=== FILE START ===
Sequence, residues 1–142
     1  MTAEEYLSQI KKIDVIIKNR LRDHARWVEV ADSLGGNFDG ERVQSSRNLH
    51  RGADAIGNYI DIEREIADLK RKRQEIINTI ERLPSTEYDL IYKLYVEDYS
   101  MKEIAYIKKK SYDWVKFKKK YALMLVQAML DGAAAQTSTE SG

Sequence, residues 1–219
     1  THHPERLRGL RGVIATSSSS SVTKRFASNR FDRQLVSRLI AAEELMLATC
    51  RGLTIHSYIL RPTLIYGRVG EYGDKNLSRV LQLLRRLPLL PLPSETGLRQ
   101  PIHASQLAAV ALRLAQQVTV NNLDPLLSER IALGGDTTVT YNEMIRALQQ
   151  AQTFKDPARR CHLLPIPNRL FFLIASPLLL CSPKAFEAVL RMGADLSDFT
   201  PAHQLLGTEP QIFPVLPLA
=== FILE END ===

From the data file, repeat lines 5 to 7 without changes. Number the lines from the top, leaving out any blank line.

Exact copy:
Sequence, residues 1–219
     1  THHPERLRGL RGVIATSSSS SVTKRFASNR FDRQLVSRLI AAEELMLATC
    51  RGLTIHSYIL RPTLIYGRVG EYGDKNLSRV LQLLRRLPLL PLPSETGLRQ